Distance from Cape Town
Around 2 hours


Gansbaai whale watching

The working fishing village of Gansbaai is the only South African town that boasts the Big 2: great white sharks and southern rights. Best of all, you can whale-watch from land or join a boat-based and aerial tour.
With the area’s spectacular cliffs and inlets, unparalleled views of Walker Bay and the unspoilt Pearly Beach, Gansbaai is where outdoor activities and Cape history co-exist. Aside from exploring nearby nature reserves – such as Walker Bay and Grootbos (home to rare and ancient Milkwood forests)  – you can also enjoy fishing, surfing and swimming.
The seaside village of De Kelders is the scenic portal to Gansbaai and is considered by some to be one of the best whale-watching spots in the world. Its historical caves are amazing viewing places, allowing visitors to observe the whales up close. The seven-kilometre-long Klipgat Hiking trail, in particular, offers wonderful whale views.
Don’t miss the remarkable limestone caves of De Kelders, which, like the Klipgat Cave, overlook the bay.

Distance from Cape Town
Around 2 hours and 20 minutes


Agulhas whale watching

Knobbly-headed black and grey ocean giants, otherwise known as humpback whales, can be spotted along the Cape Agulhas shores along with their southern right counterparts, but they are less common. The magnificent beasts can be seen frolicking in the water in large pods.
Take a boat out for a better view, but keep 50 metres away, so as not to upset the whales and their calves.
Don’t miss Killer whales, also known as orcas, have been spotted in the area so keep a keen eye on the horizon.

Distance from Cape Town
Around 2 hours and 45 minutes
Good to know The best time to view the gentle ocean giants is early morning before the wind picks up.

Insider tip It’s a good idea to call the Tourism Offices of Hermanus (028 312 2629,, Gansbaai (028 384 1439, or Cape Agulhas (028 435 7185, before planning your trip to ensure that the whales are indeed around.



Lambert’s Bay whale watching

Like the other West Coast spots, this picturesque town offers visitors the unique possibility of packing Namaqualand flowers and whales into one awesome trip. Lambert’s Bay is not only something of a seafood mecca, it’s also home to the world-famous Bird Island and the Sandveld Museum, which rounds off the town’s rich cultural history.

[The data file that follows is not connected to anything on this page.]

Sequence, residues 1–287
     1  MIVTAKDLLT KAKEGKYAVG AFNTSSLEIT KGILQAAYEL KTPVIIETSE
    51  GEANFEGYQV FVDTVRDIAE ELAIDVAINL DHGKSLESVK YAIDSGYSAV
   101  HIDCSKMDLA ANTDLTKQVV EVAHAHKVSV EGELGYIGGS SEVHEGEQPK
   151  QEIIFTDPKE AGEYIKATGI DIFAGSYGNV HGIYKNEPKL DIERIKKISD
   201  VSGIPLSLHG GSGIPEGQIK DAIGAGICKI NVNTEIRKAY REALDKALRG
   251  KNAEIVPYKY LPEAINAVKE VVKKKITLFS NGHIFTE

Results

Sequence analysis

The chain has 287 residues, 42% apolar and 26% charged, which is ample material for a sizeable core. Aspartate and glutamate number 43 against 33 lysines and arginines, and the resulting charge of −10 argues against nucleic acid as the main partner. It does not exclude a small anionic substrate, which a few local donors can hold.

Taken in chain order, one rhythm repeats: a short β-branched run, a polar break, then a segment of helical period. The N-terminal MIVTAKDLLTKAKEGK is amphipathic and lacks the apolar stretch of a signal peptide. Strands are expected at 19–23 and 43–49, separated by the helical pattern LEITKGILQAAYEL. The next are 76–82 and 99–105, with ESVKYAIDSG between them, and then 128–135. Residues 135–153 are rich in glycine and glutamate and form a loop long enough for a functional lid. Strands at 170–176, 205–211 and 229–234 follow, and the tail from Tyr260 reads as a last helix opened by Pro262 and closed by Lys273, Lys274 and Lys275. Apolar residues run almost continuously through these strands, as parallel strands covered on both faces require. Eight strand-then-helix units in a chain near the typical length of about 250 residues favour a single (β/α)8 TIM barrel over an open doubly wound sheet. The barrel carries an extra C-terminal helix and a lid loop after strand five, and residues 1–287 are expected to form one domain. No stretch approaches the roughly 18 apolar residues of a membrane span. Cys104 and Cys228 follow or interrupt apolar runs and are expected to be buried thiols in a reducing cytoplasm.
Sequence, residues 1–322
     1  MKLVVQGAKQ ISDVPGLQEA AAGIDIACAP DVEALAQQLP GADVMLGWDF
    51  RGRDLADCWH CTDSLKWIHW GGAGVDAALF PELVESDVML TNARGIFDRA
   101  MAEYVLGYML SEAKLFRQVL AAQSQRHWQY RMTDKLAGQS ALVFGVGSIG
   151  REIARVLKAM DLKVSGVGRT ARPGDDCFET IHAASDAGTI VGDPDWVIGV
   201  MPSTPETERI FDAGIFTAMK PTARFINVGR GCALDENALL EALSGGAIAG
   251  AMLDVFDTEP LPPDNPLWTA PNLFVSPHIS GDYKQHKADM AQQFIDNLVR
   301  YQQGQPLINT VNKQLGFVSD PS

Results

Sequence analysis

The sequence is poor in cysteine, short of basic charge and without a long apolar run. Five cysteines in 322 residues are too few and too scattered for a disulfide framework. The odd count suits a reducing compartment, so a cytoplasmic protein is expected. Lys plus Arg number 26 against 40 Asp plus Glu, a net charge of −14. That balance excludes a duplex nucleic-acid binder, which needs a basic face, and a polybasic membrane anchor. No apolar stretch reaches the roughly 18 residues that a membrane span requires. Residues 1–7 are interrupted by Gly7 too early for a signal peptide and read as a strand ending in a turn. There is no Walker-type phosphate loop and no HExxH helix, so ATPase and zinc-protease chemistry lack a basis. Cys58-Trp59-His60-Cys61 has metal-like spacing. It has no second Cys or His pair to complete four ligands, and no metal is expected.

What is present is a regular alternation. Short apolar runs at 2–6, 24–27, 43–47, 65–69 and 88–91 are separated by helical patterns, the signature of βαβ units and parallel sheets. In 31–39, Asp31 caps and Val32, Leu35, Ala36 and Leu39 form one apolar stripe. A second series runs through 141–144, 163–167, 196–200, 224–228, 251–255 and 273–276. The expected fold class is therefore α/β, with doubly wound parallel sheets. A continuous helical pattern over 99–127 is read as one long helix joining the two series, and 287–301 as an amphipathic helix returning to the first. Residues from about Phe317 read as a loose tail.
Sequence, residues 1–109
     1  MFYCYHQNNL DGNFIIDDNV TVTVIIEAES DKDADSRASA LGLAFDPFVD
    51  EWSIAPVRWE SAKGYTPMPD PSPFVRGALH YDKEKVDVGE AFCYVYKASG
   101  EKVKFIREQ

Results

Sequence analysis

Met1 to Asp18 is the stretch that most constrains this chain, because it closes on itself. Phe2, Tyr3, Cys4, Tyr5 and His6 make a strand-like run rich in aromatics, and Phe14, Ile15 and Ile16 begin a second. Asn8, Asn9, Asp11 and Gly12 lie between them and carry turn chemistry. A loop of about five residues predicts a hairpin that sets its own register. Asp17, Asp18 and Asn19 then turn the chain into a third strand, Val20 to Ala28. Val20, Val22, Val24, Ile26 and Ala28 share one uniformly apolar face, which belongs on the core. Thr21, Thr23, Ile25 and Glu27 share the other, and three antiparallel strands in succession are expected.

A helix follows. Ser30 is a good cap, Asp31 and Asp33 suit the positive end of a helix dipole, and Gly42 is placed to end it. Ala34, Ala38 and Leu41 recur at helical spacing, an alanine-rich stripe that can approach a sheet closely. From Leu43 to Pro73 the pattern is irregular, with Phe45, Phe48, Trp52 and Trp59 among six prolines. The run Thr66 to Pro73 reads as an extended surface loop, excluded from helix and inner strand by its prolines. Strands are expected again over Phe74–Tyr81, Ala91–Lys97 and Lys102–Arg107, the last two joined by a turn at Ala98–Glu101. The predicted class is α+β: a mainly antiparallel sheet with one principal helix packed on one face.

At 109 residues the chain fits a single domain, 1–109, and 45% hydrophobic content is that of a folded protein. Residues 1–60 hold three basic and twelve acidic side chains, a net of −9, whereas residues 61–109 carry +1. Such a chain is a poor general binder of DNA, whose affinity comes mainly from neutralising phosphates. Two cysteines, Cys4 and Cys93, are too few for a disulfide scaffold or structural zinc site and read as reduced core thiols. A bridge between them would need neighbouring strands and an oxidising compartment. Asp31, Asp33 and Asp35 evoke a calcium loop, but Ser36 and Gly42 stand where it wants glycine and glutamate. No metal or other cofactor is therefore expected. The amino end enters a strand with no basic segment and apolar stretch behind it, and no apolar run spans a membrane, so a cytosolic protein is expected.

View the whales up close from the shore, or take a guided boat trip. And while you’re there, you might enjoy a spot of hiking, fishing, crayfish-diving (in season).
Don’t miss a careful walk along the breakwater wall (if the sea isn’t too rough) to visit Bird Island where you’ll see blue-eyed Cape gannets, cormorants and Cape fur seals.

Distance from Cape Town
Around 3 hours


Strandfontein whale watching

Over the years, peaceful Strandfontein has slowly evolved into a bustling travel destination. It’s also a handy stopover for those travelling along the N7 from or to Namibia.
With the area’s pristine coastline, this tiny coastal town has a lot to offer, especially during flower season and when the whales frequent nearby shores. Its sandy cliffs, especially, provide excellent viewing spots.
Just south of the town, between Doringbaai and Strandfontein, lies the Wandering Whale Labyrinth, built on a clifftop, its paths are stunningly made from blue-mussel shells with a rose-pink quartz centre. Other activities to enjoy include hiking, kayaking and canoeing, kiting, microlight trips, sailing and windsurfing to name a few.
Don’t miss The important Olifants River Estuary at nearby Papendorp. A bird-watchers’ paradise, over 200 bird species have been identified here, and the river mouth is known for its flamingos and pelicans.

Distance from Cape Town
Around 4 hours


Yzerfontein whale watching

This small fishing town is famous for its pristine beaches and fishing (especially snoek and crayfish), and also caters to whale-watchers at a number of lookout points (above the harbour and from the main beach)
In spring, the sand dunes and terrain are awash with brightly coloured, indigenous flowers and with the West Coast National Park (with its Postberg Flower Reserve section) relatively close by (49km), Yzerfontein is a great place for wildflower viewing, too. There’s also bird-watching, kite-surfing, bodyboarding, hiking, windsurfing, 4x4ing and fishing to be enjoyed, as well as an indigenous garden with a labyrinth that children love.

Don’t miss
Dassen Island, and the Schaapeiland Hiking Trail.
Fun fact The 16 Mile Beach, which covers roughly 30km, is the longest, uninterrupted sandy beach found along South Africa’s coastline.

Distance from Cape Town
Around 1 hour

Tourism offices
Lambert’s Bay 027 432 1000,
Strandfontein 027 201 3376,
Yzerfontein 022 451 2985,



Wilderness Knysna whale watching